Posted by Dr. Matt Hand on Jul 13, 2020 7:42:56 PM
Vitamin D, also known as the sunshine vitamin, is critical in many bodily functions and systems. Inadequate levels of this fat-soluble nutrients are rampant in North America and linked with multiple health challenges.
Ensuring that vitamin D levels are up to par can be tricky, as only trace amounts are available through diet by foods. The majority of people don't live in parts of the country where sufficient levels can be assimilated from sun exposure. If you live above the Mason Dixon line, there's a good chance that your vitamin D serum levels are low.*
Most doctors and health experts – in both the integrative and conventional medical communities– agree that vitamin D supplementation is often necessary. So, it’s essential to understand the best delivery method for optimal absorption.
A little known fact about vitamin D, compared to other vitamins, is that it is a steroidal hormone that the body produces from sun exposure. Studies show that this vital nutrient plays vital roles in overall bone health, increased immune health, improved insulin response, mood support, and more.*
Additionally, vitamin D is a necessary cofactor in several bodily functions, mainly revolving around inflammation within the immune response.* For this reason, vitamin D has been linked to immunological issues. Another issue commonly associated with low vitamin D serum levels is seasonal mood changes –when a person experiences low mood or occasional anxiousness during winter months.
Vitamin D isn't easy to obtain from food, and because of the UV rays' angle, those who live in northern regions of the country (roughly above Atlanta) find it challenging to process vitamin D throughout most of the year. Those with darker skin are more at risk for low vitamin D status, as their skin naturally protects from the sun, and greater exposure is needed.
Also necessary to keep in mind is that there are two types of vitamin D: vitamin D2 and vitamin D3. Vitamin D3 is considered to be the superior form when supplementing, as it is more active and easily absorbed.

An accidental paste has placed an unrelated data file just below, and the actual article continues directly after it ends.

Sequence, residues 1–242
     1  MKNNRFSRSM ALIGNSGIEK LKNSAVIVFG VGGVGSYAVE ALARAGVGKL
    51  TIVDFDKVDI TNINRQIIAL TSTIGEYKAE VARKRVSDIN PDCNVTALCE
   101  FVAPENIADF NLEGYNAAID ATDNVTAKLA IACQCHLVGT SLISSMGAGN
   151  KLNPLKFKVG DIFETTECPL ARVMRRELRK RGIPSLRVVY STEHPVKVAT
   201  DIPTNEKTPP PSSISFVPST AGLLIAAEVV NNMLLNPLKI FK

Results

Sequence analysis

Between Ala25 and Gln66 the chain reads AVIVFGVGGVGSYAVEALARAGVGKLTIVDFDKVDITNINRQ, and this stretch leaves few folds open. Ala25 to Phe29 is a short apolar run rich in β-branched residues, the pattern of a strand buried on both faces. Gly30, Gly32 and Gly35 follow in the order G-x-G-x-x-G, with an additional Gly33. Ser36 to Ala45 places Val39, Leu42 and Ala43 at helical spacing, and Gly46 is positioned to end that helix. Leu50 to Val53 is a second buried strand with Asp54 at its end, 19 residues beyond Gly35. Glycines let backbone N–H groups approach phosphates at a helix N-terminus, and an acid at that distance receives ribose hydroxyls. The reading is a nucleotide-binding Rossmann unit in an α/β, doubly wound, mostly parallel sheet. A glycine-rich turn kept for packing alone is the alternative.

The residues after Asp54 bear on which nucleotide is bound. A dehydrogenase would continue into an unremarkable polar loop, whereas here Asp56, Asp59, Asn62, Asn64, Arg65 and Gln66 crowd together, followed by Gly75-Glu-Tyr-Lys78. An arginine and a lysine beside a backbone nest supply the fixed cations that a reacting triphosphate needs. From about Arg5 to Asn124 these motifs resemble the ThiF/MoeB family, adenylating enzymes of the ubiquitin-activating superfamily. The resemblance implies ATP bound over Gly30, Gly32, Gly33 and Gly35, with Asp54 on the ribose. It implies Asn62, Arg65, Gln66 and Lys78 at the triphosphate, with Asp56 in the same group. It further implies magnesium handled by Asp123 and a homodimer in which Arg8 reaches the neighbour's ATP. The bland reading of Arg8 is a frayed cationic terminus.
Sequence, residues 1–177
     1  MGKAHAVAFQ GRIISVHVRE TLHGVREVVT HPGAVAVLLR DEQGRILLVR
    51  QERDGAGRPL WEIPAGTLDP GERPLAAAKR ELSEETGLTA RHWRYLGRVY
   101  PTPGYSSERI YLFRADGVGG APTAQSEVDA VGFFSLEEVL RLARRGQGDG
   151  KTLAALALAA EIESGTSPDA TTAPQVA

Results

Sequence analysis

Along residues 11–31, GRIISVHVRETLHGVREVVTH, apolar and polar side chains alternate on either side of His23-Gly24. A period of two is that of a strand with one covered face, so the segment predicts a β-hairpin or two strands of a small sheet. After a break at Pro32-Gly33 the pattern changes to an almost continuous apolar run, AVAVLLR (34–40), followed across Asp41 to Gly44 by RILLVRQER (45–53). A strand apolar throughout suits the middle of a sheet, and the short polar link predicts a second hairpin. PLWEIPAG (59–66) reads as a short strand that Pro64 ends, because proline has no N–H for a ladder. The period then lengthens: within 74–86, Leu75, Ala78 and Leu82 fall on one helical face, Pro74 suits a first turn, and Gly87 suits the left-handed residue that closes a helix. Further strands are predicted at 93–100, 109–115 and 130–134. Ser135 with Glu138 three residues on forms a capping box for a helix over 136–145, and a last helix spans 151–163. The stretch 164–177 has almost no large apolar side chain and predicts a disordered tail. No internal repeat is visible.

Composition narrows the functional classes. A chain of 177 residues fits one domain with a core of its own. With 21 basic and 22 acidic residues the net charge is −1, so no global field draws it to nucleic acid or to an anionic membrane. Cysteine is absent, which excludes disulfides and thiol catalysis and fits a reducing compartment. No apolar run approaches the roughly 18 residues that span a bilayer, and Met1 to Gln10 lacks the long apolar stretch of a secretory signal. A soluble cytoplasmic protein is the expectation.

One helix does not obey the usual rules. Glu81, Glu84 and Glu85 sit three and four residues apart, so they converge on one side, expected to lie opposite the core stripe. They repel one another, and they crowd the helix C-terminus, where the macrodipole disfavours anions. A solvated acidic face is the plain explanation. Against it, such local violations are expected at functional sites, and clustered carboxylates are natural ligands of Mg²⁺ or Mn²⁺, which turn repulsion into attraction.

Along with A, E, and K, vitamin D is fat-soluble, meaning it's dissolved and absorbed in the presence of fat and stored for long periods. With so many vitamin D products out there, it can be challenging to understand which supplement form and delivery methods are best for optimal absorption.
Liposomal delivery refers to packing nutrients into cell membranes that have a great deal of fat-solubility. This protects the nutrient as it passes through the harsh conditions of the gastrointestinal tract. Naturally, this translates to better preservation of the delivered nutrients and improved absorption.
Most studies done on vitamin D supplementation do not includethe use ofliposomal delivery. So, even though it makes logical sense that vitamin D would do better with this delivery method and doctors have better results with it than with tablets, capsules or gummies, there are few clinical studies to back up this clinical observation.
By taking liposomal vitamin D, absorption is increased. The vitamin itself is protected against oxidation and degradation as it moves through the body, making it more bioavailable and more likely to provide optimal benefits.
It's disadvantageous to test soon after beginning vitamin D supplementation. Vitamin D is stored in fat cells, so seeing an increase in levels takes longer. For example, levels tested in July are more reflective of actual levels in March, and so on. In comparison, vitamin C is a water-soluble nutrient that goes immediately to the bloodstream, and the body will excrete any extra in the urine.
The most effective method of vitamin D supplementation entails a consistent dose all year round, instead of intermittent and large doses, unless explicitly prescribed by a professional as an individualized therapy.
Vitamin D is complex, so keep in mind the following key takeaways from this article:
While experts disagree on optimal blood levels, numbers between 40-50 ng/ml are most likely best for optimal health and wellness.* Discuss supplementation dosage with your provider, choose a liposomal vitamin D product for best results, or for people who have trouble swallowing pills.
Vitamins A, D, and K work together synergistically. Find out more in our whitepaper.
 Hyppönen E, Läärä E, Reunanen A, Järvelin MR, Virtanen SM. Intake of vitamin D and risk of type 1 diabetes: a birth-cohort study. Lancet. 2001;358(9292):1500-1503. doi:10.1016/S0140-6736(01)06580-1
 Akbarzadeh, A., Rezaei-Sadabady, R., Davaran, S. et al. Liposome: classification, preparation, and applications. Nanoscale Res Lett 8, 102 (2013). https://doi.org/10.1186/1556-276X-8-102
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